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How to Choose a Cruise

The big liners may be luxurious, but smaller boats offer more privacy.

Taking a cruise boils down to choosing between an intimate yacht or a jumbo liner.

Each style of boat has its distinct charms.

Traveling for a six-night vacation to Polynesia, for instance, on Bora Bora Cruises, a high-end 226-foot yacht, offers individualized services and its own style of small-scale luxury.

There are four crew members for each passenger. The ship accommodates up to only 44 passengers, so guests will feel almost as if they are sailing on their own yacht.

The experience is much different, with separate set of perks, if you choose

Royal Caribbean Cruises

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Guests are drawn to smaller boats such as those used by Bora Bora Cruises because a yacht is good for travelers who have a big family but still want to have some of their own space.

Imagine coming back to a room that is equipped with a flat-screen LCD television, CD/DVD player, satellite telephones and the Internet.

For meals, guests can eat whenever they want, without the fear of missing dinner or breakfast if they don't get out of bed in time. Also, guests can get room service and even have the staff create a special dining environment on the beach.

Everything (meals, drinks, butlers, activities) is included on a Bora Bora cruise, making life easier because you don't have to constantly fumble for your credit card.

If you're seeking privacy, there is a six-cabin section within the boat called the "Vavau," which includes a dedicated chef, butler, masseur and housekeeper.

Some fun extras include horseback riding on a beach, jet skiing, scuba diving, jeep safaris, bike rides through the rain forest, tai chi and beach volleyball.

How much will this fantasy week set you back? It's about $6,540 for a double occupancy and $11,570 for a single occupancy.

Other small luxury cruise lines include

Hebridean International Cruises which travels to locations such as the Mediterranean and the Caribbean; and the

SeaDream Yacht Club which goes to the Caribbean, the Mediterranean and the Atlantic.

Is Bigger Better?

Don't automatically discount bigger boats, though, when mapping out your next cruise.

Cunard, owned by Carnival, recently launched the Queen Victoria, which will sail this December. It's gigantic: It will have 1,970 passengers and 842 crew members.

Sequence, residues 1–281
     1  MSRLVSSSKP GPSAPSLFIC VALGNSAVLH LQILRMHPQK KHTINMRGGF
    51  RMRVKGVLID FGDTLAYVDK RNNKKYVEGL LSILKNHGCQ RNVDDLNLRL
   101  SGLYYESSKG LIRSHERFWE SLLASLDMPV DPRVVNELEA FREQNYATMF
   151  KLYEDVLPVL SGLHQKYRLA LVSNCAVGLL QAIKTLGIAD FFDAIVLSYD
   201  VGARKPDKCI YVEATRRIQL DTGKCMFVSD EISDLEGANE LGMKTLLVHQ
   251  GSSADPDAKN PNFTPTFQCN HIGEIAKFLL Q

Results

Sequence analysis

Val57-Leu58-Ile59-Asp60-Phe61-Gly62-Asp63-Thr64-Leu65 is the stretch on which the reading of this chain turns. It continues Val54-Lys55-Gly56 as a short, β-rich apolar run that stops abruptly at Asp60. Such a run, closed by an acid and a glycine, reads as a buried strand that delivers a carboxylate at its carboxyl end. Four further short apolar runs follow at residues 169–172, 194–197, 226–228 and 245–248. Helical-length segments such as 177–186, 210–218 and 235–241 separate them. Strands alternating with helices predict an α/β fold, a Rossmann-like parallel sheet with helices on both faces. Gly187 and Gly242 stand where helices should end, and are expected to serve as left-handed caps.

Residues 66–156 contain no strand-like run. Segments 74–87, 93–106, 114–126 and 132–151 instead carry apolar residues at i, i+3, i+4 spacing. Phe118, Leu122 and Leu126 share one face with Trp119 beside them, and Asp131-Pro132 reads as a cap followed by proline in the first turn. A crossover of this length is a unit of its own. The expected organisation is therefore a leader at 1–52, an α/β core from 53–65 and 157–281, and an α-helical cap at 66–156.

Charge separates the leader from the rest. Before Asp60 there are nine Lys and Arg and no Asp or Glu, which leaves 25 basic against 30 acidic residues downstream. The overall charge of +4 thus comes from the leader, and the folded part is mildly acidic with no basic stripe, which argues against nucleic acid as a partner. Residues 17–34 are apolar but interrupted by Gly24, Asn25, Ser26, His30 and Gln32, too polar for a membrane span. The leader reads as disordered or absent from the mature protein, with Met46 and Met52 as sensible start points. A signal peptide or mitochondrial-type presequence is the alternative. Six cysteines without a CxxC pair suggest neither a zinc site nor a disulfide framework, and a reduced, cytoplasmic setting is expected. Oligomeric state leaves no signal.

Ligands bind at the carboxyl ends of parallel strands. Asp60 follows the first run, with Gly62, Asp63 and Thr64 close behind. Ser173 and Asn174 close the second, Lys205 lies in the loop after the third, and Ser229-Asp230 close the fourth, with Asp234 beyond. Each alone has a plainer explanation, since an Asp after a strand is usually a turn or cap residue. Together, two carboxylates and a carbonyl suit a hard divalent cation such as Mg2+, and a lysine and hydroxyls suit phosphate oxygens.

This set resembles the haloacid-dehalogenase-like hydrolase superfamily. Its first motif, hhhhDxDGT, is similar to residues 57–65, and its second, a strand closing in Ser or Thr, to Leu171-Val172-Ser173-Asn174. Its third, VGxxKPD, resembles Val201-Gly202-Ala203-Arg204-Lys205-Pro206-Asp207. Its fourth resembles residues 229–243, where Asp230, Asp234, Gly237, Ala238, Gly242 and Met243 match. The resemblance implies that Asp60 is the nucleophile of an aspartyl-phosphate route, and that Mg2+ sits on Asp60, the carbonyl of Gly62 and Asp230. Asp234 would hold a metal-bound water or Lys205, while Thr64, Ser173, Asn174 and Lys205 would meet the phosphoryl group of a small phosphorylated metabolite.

The boat has several perks, including a new theater reminiscent of a grand West End, London, with private boxes, and a new two-story all-wood paneled library.

The boats offers various "grills," which dates back to Cunard's Queen Mary in 1936, and relates to the guest's dining experience. Guests in the princess and queen grills have a private dining room, concierge staffed private lounge, as well as a courtyard for al fresco dining and afternoon tea.

They also have access to a terrace where staff will provide them with luxurious extras including cool towels, Evian spritzes, fresh fruit, sorbets, tea sandwiches and access to a butler.

The Cunard ranges from about $1,300 to $3,500.

Many of these bigger cruise companies have several lines. Royal Caribbean Cruises offers four cruises lines: Royal Caribbean International, Celebrity Cruises, Pullmantur and Azamara Cruises. Carnival Corporation has 10.

The bigger cruise lines also offer smaller boats. One of the smaller boats is the Celebrity Xpedition, a 92-passenger megayacht. The Germany-built boat made its first voyage in 2004. Some of the amenities this smaller, intimate ship offers are a library, an outdoor bar, and a small spa.

Individual Preferences

In the end, what matters is the cruise-goer's traveling preference.

Some people like to travel in families and enjoy a vacation without feeling cramped together, Robb says.

"Bigger cruise lines have the art down to a science with the services, amenities," says one cruise traveler. "The smaller lines probably have more character and individual charm."

Judy Carrel, a librarian in Buffalo, N.Y., who has taken several cruises, prefers the smaller boats because they are easy to get around on. "I'm not crazy for the bigger boasts. I don't like to get lost on them," says Carrel, 66 years old.

Jerry Eisenberg, a 58-year-old accountant in Lido Beach, N.Y., prefers the entertainment, including comedy and talent shows, on the bigger boats. "At night when you're looking at your honey, saying, 'What are we doing tonight?' it's nice to have options other than reading or playing Backgammon," he says. He adds that the smaller boats don't have gambling, a favorite hobby of his.

The bigger boat itself offers places to go including lounges and big hallways, that you can sit in and hear someone play classical music, he says.